The Handmaid's Tale, by Margaret Atwood

From a women's rights perspective, we have come a long way over the years, although there is still much more progress to be made. Imagine if you will, though, a world where all that has been fought for is taken away in the blink of an eye. 

Women can't work. Women can't have their own bank accounts. Women's thoughts and opinions are not to be trusted or taken seriously. Women have no choice in their form of dress. Women have no say in who with, when, or if they have children. That's the world that Margaret Atwood paints in The Handmaid's Tale. It takes place in a society where the population is plummeting, religious sects are at war with one another, and women primarily serve one of three roles: a Wife, the spouse of soldiers and government leaders; a Martha, or what we would refer to as a housemaid; or a Handmaid, whose sole purpose is to increase the population by providing the government's leadership/Commanders with children. 

The Handmaid's Tale is narrated by Offred (handmaids lose their names, too, and take on that of their Commander). Before the existing government took power, Offred had a husband and a child, both of which have been lost to her. The story centers around Offred's time with her Commander and his wife, her desire to find her family once again, and her involvement in the rebellion alongside fellow Handmaid Ofglen.

The location, time-wise, of the story changes frequently; Offred will be discussing a thing of the present, then the scene will flash, without warning, to an event in the past that usually concerns her Handmaid training or her former family life. At first, this back and forth was difficult to follow, but I then realized that this is how the mind generally works - we will be focused on something in the present, then our thoughts bolt to something that has long since happened. In this fictional, scary world of The Handmaid's Tale, these flashbacks bring a sense of reality, of normalcy. The flashbacks give us a mental break and show us something to which we as the reader can likely relate. They also serve as a frightening reminder that awful things can happen to regular people living normal lives; an everyday person can have their life turned upside down and irrevocably changed in an instant, through no fault of their own. It's a troubling thought.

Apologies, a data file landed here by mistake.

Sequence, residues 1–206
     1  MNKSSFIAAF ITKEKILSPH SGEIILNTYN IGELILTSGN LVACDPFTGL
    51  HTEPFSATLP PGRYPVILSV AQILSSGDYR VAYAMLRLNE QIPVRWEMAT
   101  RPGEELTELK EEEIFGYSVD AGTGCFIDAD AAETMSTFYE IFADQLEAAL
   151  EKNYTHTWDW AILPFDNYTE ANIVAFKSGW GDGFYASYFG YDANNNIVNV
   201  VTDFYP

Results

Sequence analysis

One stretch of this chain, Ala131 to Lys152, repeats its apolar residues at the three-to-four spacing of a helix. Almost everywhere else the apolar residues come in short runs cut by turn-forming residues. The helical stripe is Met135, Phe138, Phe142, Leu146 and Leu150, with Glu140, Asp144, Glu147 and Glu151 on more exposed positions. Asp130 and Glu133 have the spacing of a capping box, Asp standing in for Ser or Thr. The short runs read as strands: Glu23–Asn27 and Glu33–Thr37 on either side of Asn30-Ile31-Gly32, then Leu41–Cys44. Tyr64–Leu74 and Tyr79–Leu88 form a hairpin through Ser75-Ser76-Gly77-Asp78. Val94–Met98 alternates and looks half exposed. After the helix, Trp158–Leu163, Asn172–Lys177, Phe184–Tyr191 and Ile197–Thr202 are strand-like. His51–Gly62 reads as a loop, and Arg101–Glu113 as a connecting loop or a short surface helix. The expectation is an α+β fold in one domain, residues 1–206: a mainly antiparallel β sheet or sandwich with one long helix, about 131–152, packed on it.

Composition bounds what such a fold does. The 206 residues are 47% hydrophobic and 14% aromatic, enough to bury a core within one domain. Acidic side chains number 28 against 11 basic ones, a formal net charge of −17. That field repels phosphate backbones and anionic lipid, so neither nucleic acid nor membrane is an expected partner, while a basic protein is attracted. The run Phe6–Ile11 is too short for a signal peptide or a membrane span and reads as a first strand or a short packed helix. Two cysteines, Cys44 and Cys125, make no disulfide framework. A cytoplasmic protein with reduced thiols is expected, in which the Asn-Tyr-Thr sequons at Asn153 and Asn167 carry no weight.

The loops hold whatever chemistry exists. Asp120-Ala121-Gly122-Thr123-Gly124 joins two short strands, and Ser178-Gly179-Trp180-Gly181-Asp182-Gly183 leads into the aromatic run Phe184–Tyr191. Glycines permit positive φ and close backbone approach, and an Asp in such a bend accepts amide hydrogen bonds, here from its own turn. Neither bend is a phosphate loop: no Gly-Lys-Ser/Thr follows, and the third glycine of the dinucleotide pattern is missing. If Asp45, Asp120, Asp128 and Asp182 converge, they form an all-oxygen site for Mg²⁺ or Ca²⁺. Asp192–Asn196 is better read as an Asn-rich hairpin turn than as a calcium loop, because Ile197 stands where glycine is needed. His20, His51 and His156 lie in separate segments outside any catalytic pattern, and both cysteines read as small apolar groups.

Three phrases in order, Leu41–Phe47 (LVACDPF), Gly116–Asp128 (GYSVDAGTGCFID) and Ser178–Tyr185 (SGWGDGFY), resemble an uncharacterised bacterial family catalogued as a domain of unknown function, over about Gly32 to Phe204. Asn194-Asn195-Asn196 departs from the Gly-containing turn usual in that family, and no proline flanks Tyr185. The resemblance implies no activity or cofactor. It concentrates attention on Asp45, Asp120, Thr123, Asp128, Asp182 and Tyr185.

As a woman, The Handmaid's Tale was difficult for me to read. I have many of the things that Offred was stripped of - a family, a career, and the general freedom to live as I like. To imagine living in a world where these things are taken away was unsettling. Reading the book brought perspective, and it reminded me to stay thankful for all that I have - as many in the world are sadly not as fortunate. However, the (SPOILER) ending of the book, in its ambiguity, leaves the reader with either a sense of dread or a feeling of hope - it is up to us to determine Offred's fate, and I like to play the optimist and imagine that she gets a second chance at life and helps to repair the broken world around her. What do you think?

I had been wanting to read The Handmaid's Tale for a long time, and I am glad that I took the opportunity to finally do so. Although it was mentally and emotionally challenging to get through, I do not regret that I dedicated a weekend to immersing myself in the story. On a lighter note, this was also the first book I'd read since the spring. Thanks, Margaret Atwood, for helping me get my reading groove back once again! Have you read The Handmaid's Tale, Hipsters? What did you think of it? Comment below!

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